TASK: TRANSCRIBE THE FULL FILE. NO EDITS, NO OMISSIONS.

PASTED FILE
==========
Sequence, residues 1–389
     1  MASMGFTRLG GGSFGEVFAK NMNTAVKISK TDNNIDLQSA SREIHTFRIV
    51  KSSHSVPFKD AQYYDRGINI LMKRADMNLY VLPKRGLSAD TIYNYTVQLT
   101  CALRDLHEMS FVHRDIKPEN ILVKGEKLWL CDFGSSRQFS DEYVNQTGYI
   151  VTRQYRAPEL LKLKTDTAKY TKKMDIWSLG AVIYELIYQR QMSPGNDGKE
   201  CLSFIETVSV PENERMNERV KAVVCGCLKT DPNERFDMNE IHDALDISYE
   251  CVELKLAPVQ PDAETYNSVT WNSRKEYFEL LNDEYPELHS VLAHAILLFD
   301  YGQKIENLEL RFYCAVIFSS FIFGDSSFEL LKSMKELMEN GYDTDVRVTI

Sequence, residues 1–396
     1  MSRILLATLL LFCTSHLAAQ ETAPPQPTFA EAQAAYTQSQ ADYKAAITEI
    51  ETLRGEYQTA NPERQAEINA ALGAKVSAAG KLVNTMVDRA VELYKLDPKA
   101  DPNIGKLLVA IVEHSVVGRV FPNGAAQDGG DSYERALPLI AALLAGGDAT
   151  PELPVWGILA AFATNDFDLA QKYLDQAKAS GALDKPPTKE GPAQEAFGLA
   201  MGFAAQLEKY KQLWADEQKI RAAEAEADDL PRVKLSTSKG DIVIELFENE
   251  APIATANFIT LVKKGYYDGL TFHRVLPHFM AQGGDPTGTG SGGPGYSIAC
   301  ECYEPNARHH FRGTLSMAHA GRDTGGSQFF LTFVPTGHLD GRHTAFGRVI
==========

Sequence, residues 1–389
     1  MASMGFTRLG GGSFGEVFAK NMNTAVKISK TDNNIDLQSA SREIHTFRIV
    51  KSSHSVPFKD AQYYDRGINI LMKRADMNLY VLPKRGLSAD TIYNYTVQLT
   101  CALRDLHEMS FVHRDIKPEN ILVKGEKLWL CDFGSSRQFS DEYVNQTGYI
   151  VTRQYRAPEL LKLKTDTAKY TKKMDIWSLG AVIYELIYQR QMSPGNDGKE
   201  CLSFIETVSV PENERMNERV KAVVCGCLKT DPNERFDMNE IHDALDISYE
   251  CVELKLAPVQ PDAETYNSVT WNSRKEYFEL LNDEYPELHS VLAHAILLFD
   301  YGQKIENLEL RFYCAVIFSS FIFGDSSFEL LKSMKELMEN GYDTDVRVTI

Sequence, residues 1–396
     1  MSRILLATLL LFCTSHLAAQ ETAPPQPTFA EAQAAYTQSQ ADYKAAITEI
    51  ETLRGEYQTA NPERQAEINA ALGAKVSAAG KLVNTMVDRA VELYKLDPKA
   101  DPNIGKLLVA IVEHSVVGRV FPNGAAQDGG DSYERALPLI AALLAGGDAT
   151  PELPVWGILA AFATNDFDLA QKYLDQAKAS GALDKPPTKE GPAQEAFGLA
   201  MGFAAQLEKY KQLWADEQKI RAAEAEADDL PRVKLSTSKG DIVIELFENE
   251  APIATANFIT LVKKGYYDGL TFHRVLPHFM AQGGDPTGTG SGGPGYSIAC
   301  ECYEPNARHH FRGTLSMAHA GRDTGGSQFF LTFVPTGHLD GRHTAFGRVI